Wednesday, September 7, 2011
By Walter Pierce • Photos by Robin May
A venerable, live-music institution in Lafayette for decades, Grant Street Dancehall may stop booking bands by late this year due to problems with its parking lot, which isn’t its parking lot. Confused? We’ll explain.
Doesn’t it suck when you go to hear your favorite band at Grant Street Dancehall and the club charges you five bucks to park — on top of the cover charge to get in and hear the music? Well, actually it doesn’t. Grant Street isn’t hitting you with the parking fee. The club doesn’t own the lot.
Most people don’t know this. They just get ticked off at Grant Street. They hem and haw, cuss and spit. Some don’t come back, even though there’s safe, well-lighted parking for $2 just three blocks away at the Vermilion Street parking tower. It’s a matter of principle, and it’s hurt Grant Street’s reputation and, more important, it’s bottom line. It’s gotten so bad that manager Toby Doré isn’t booking acts beyond November. He’s considering getting out of the live-music business. By 2012, Grant Street could be just another former warehouse on the margin of downtown Lafayette.
“I’d say it’s like 50-50 [chance] because I don’t know what’s going to happen,” admits Doré, who has been booking acts at the club for about 18 months and took over management early this year. “It’s solely going to be a result of what happens between now and November. The parking lot is a big issue.”
Indeed, the parking lot rolls practically right up to the front porch and entrance of the venerable honky tonk, which opened in 1980 in a turn-of-the-20th-century brick and wood building that began life as a fruit warehouse abutting the railroad tracks. (Technically, the “front” of Grant Street Dancehall faces the actual Grant Street, which runs between the club and the tracks, but early on a former owner moved the entrance to the “rear” or Cypress Street side of the building, no doubt to take advantage of the large, free parking lot.) For the first 25 years of Grant Street’s existence as the premier — and for much of the 1980s and ’90s about the only — live-music venue in downtown Lafayette, the parking lot at Grant Street was Grant Street’s parking lot, for all intents and purposes; it was open and parking was free. And Grant Street reaped the benefit, staking its claim as one of the hottest live music joints on the Gulf Coast, hosting over the years performers such as Stevie Ray Vaughan, Dr. John, Ray Charles, Muddy Waters, B.B. King, Leon Russell, John Lee Hooker, Bonnie Raitt, Albert King, Warren Zevon and Medeski, Martin & Wood, to name a few.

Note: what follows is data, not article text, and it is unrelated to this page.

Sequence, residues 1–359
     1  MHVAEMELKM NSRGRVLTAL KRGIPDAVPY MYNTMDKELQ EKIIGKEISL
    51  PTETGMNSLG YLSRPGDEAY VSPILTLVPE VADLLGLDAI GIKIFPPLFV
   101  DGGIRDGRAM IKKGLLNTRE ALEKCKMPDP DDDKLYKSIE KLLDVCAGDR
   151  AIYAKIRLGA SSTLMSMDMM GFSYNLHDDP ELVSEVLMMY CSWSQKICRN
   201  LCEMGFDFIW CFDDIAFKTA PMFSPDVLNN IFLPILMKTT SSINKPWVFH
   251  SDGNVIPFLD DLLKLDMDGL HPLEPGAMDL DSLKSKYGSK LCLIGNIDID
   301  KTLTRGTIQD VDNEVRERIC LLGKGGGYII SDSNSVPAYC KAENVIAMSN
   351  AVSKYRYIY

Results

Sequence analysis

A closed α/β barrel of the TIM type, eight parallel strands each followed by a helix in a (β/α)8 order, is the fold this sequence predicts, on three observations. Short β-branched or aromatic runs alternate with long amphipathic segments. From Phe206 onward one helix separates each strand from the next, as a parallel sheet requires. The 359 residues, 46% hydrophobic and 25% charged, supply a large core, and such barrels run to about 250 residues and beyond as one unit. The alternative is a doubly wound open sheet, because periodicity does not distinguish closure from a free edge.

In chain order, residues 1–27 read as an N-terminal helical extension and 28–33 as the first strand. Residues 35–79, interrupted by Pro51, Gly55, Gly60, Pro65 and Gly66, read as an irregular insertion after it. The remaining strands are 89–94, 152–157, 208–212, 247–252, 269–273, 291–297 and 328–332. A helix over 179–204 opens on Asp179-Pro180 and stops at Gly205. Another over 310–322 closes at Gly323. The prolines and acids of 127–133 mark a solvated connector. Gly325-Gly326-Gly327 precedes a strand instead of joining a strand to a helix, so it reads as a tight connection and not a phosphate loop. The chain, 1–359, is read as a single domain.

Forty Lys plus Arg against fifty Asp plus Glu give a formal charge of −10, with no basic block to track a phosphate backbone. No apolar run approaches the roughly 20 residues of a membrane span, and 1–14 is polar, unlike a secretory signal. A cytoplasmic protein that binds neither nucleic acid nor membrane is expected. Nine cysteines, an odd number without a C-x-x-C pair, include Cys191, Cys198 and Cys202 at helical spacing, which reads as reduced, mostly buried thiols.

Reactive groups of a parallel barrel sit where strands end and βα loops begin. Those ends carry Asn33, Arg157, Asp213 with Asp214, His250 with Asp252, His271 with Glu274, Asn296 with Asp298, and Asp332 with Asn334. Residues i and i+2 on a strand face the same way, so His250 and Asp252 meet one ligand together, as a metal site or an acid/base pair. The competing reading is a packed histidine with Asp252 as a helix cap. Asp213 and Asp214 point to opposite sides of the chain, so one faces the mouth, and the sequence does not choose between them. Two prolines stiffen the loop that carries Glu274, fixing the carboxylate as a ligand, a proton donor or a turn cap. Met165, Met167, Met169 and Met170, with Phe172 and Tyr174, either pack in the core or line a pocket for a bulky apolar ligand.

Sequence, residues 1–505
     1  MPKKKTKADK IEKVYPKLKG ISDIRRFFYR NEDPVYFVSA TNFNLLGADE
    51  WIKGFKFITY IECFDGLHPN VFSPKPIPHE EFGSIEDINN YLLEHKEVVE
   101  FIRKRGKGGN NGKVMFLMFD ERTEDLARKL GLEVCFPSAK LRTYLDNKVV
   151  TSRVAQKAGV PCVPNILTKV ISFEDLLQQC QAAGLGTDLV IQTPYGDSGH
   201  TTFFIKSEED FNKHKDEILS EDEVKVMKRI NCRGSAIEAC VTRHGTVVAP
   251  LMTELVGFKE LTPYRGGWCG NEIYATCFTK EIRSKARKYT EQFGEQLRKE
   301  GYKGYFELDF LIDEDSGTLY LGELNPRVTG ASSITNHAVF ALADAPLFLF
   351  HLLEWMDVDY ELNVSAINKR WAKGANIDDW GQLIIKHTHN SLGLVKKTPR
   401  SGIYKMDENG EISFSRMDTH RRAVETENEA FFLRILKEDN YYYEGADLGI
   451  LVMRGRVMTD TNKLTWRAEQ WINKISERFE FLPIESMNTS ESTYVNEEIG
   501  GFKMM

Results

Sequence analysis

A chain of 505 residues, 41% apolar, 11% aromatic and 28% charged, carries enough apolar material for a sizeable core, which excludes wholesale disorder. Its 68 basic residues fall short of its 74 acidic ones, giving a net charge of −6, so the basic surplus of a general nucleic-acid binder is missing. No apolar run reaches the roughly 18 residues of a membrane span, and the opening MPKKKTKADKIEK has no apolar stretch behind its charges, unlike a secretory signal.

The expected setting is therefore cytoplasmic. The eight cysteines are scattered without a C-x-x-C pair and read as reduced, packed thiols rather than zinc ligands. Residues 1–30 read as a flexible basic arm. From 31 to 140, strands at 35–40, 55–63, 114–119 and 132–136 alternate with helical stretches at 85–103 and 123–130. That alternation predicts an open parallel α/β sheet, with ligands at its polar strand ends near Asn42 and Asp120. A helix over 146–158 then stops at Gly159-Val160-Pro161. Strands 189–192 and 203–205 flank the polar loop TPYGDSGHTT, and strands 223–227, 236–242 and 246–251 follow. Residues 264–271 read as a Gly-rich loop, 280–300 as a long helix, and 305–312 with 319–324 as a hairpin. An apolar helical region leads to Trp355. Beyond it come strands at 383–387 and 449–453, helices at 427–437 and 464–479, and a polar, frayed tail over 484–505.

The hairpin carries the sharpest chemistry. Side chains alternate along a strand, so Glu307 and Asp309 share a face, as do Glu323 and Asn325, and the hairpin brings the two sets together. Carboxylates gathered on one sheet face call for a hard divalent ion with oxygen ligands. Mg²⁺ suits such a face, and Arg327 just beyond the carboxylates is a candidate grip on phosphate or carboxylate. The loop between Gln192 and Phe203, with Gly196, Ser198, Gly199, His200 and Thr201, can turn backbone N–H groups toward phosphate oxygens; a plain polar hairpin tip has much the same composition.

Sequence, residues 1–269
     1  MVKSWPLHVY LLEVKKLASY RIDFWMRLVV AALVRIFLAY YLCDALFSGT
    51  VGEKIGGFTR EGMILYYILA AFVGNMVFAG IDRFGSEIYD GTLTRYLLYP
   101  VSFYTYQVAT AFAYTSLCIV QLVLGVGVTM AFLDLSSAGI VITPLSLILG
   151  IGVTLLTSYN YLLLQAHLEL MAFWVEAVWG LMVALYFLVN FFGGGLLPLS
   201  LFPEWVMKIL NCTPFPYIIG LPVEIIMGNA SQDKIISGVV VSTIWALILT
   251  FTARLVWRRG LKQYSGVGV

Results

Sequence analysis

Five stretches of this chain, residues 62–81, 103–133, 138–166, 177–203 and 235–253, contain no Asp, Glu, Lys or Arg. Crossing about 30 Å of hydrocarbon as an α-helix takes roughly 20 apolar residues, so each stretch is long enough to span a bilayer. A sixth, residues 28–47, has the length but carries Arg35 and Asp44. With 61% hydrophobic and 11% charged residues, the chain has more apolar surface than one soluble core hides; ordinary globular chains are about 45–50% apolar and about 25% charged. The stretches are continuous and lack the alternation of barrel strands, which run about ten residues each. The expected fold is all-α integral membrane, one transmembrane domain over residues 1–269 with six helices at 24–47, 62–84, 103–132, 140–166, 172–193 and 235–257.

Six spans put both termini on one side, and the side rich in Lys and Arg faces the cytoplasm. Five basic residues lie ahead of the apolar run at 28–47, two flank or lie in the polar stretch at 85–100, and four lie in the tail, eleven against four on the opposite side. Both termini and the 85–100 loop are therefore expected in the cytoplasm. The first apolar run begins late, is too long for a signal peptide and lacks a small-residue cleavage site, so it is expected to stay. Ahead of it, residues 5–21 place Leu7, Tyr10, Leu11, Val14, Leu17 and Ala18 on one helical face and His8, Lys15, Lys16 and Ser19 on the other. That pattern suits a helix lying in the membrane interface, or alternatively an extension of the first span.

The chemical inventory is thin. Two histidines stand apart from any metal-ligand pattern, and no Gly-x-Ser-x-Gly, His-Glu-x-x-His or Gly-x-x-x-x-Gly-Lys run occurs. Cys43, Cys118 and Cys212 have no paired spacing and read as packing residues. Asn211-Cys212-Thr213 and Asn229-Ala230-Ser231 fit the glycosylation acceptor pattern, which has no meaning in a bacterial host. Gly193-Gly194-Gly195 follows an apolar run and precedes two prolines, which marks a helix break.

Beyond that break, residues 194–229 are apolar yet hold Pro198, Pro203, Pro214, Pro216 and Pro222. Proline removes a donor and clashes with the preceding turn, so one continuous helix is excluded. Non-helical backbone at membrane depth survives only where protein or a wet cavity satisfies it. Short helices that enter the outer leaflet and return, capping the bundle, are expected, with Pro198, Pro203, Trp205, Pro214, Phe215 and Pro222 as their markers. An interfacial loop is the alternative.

But several years ago the owner of the lot decided to monetize the patch of asphalt. Not coincidentally, this was about the time that nearby Jefferson Street was exploding as a nightlife mecca for Acadiana. Parking became a premium, and the lot at Grant Street was transformed into a golden goose.
This is where it gets a little complicated
The parking lot adjacent to Grant Street Dancehall is owned by a little-known non-profit called the Lafayette Neighborhoods’ Economic Development Corporation, and the lot is actually a parcel of a much more substantial property owned by LNEDC: the six-story Evangeline Apartments at the corner of Jefferson and Vine streets a block away from the honky tonk.
The Evangeline building was originally the Evangeline Hotel, which opened in 1928. Decades later, the state bought the building and ran a Department of Motor Vehicles office out of it.
But in 1993, former Mayor Kenny Bowen helped broker a deal in which the state donated the by-then vacant, dilapidated and asbestos-ridden property to LNEDC, which “offers financial assistance to new and expanding small business in the Parish of Lafayette,” according to its website, through U.S. Department of Housing and Urban Development block grants and other government means.
Yes, it’s one of those deals.
Run by a local-based board of directors headed by board President Joe Dennis, LNEDC entered into a 15-year agreement with New Orleans-based HRI Properties, which converted the old hotel into an apartment complex for low-income senior citizens and managed the building. The apartment complex began accepting residents in 1995. (The arrangement between LNEDC and HRI ended early this year in court after LNEDC basically had HRI evicted. We said it was complicated.)